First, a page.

Which aspects are integrated in Integrated Watershed Management?
The complexity of IWM is all over and cannot be described in one term. The following examples demonstrate considerations that might come up for assessment and impacts of management options:
The management of a catchment area is very much depending on the personal input and commitment of the land owners. Land ownership is quite often not regulated by laws and often not secured. Therefore, farmers might not be interested in managing land which they do not own by law, but they are interested in mining it. IWM requires for best management options land owner change in order to create larger pieces of land for better conservation, agriculture or reforestation; this is rather not possible without regulatory laws and assessment of the “land value”. Land ownership is crucial for sustainable implementation of IWM and needs special attention at.
Development - either rural or urban – is often coming along with new ideas and concepts and change of a static and well known environment and living conditions. Acceptance of development actions is very much depending on status of education and on self-confidence towards the better. Both are a challenge especially in rural areas and thus locals tend to be resilient against new introduced methods and concepts. IWM is strongly considering this aspect by acting in a holistic and strong participative way. All activities in a watershed area are implemented in close cooperation with and agreements upon and among the local population. Sustainable development is only possible through strong ownership of concepts and ideas by the local population.
IWM acts only in a holistic approach. All kinds of disciplines that effective contribute to best management are incorporated in the approach, e.g. geography, engineering, climatology, social science, justice, geology, hydrology, agriculture, agro forestry, education, etc. The IWM manager shall consider the different disciplines and if necessary consult experts for best knowledge gaining and sharing.
The educational level of IWM stakeholders is widely ranged from illiterate to university level. Thus, awareness and knowledge about IWM is rather high differing in theory and practice. Capacity building measures shall be adapted to the educational level of farmers, local managers, regulatory authorities, ministries, students, researchers and lecturers. There exists no universal teaching book for IWM. Also knowledge and capacity for implementing IWM measures is very much depending on the all over understanding of the concept and the different level and deep inside understanding of practical aspects. Working for IWM at different educational levels require next to sound understanding of the topic a sensitive and adjusted workaround with all stakeholders.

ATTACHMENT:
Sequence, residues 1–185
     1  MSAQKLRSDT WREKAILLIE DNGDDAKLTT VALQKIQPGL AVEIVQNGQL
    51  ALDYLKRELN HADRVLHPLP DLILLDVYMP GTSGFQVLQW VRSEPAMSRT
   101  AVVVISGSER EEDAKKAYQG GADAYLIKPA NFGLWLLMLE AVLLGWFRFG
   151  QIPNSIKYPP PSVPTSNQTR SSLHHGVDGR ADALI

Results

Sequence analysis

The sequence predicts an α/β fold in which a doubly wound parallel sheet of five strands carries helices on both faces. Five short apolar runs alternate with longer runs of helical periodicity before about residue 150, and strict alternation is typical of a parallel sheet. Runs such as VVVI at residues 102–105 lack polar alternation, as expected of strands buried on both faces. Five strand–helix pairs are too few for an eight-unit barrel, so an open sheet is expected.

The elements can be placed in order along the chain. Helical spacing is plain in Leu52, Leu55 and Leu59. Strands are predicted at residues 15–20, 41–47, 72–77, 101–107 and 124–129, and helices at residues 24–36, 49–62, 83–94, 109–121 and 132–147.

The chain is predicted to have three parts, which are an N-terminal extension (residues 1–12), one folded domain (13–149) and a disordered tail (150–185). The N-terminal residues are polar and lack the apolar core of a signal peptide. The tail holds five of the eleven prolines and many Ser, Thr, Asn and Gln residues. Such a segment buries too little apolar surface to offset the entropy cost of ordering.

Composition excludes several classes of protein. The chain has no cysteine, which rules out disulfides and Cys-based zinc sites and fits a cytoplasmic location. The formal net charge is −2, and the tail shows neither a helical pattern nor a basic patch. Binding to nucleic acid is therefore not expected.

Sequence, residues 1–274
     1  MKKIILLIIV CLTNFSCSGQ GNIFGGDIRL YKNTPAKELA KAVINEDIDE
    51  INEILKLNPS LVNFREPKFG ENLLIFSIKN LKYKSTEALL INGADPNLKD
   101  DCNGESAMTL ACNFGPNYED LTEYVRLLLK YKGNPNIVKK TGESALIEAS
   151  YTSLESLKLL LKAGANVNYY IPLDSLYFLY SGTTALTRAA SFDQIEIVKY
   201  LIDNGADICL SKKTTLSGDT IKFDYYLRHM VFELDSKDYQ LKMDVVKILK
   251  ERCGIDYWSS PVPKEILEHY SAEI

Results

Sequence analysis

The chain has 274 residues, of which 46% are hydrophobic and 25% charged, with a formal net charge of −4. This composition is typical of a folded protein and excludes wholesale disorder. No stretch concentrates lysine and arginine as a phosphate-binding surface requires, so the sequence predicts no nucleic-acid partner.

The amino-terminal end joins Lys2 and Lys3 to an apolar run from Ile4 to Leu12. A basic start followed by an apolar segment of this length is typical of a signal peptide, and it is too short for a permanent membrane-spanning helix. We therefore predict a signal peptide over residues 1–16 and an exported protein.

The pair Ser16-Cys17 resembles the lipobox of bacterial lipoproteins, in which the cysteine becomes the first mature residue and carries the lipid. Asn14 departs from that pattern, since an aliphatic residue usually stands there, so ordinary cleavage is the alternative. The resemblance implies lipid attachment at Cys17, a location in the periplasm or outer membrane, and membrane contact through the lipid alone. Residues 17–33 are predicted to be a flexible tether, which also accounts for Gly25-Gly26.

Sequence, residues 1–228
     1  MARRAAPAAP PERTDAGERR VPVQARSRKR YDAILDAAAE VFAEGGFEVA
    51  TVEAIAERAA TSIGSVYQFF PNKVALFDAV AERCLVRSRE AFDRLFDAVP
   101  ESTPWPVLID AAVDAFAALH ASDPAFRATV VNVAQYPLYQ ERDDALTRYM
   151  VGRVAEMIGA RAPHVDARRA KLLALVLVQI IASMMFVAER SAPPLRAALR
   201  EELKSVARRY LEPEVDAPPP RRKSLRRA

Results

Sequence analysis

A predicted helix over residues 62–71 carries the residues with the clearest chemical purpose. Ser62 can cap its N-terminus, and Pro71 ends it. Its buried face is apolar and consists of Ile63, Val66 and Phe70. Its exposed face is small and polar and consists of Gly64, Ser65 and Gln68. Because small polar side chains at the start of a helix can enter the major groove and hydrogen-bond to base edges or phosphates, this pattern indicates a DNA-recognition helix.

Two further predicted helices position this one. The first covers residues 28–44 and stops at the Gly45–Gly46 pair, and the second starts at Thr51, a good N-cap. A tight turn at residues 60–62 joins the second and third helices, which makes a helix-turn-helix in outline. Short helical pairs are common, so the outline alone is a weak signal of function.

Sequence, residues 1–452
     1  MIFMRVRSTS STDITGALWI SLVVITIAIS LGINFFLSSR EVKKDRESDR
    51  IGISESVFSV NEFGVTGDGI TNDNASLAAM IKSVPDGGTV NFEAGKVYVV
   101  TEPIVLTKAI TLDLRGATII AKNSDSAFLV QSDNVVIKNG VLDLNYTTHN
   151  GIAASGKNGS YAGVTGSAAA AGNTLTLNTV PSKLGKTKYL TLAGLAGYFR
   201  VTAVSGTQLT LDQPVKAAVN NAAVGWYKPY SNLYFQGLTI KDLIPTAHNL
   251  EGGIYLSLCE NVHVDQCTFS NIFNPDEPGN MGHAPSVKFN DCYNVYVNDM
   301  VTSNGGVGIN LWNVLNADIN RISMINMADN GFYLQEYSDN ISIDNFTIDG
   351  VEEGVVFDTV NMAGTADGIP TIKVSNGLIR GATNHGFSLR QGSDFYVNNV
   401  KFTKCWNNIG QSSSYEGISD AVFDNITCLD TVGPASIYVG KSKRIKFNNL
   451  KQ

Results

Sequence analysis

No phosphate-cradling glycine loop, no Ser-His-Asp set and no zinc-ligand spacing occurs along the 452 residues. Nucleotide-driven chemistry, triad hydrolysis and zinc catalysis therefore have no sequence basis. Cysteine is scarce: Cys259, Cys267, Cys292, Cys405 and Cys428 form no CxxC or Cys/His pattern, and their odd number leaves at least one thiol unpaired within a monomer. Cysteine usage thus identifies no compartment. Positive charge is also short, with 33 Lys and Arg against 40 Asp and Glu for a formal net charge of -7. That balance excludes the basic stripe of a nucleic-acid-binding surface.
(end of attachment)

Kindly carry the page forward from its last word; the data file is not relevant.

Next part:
IWM is addressing all kind of natural and human induced or fostered dynamics. A sound understanding of natural processes with regard to water, weather, soil, biomass, agriculture, etc. is necessary to evaluate the natural dynamics of a watershed area. This evaluation is one of the first steps towards the development of sub-catchment management plans, see landscape sensitivity chapter. Natural dynamics are usually overlapping with human induced activities and differentiation is in particular cases rather difficult.
Each watershed area underlies competition of different kind of water users: industrial, agricultural and domestic. Next, size of water users is leading to different empowerment (e.g. through financial resources) and unequal water consumption. All stakeholder groups need to be involved into the action for conflict resolution.
Administrative boundaries are usually not following hydrological units. Watershed areas may fall in several districts with different local administrative actors and willingness for cooperation. Investigation of administrative boundaries and relevant political structures are essential for implementation of sub-catchment management plans.
Sub-catchment management plans are dynamic tools for best management options. Timelines need to be agreed upon, since plans shall be drafted according the needs of the local population. Idealistic long-term plans do not necessarily serve the population when short term action is needed. Vice versa, short term plans shall not ignore long-term needs of the environment.
Sustainable implementation of sub-catchment management plans requires commitment of all local actors. Land management, as one part of IWM, is often conflicting with land ownership and/or the heritage systems of the country. Traditional but inappropriate heritage systems hinder proper land management and IWM. Investigations on the land management systems must be part of watershed management.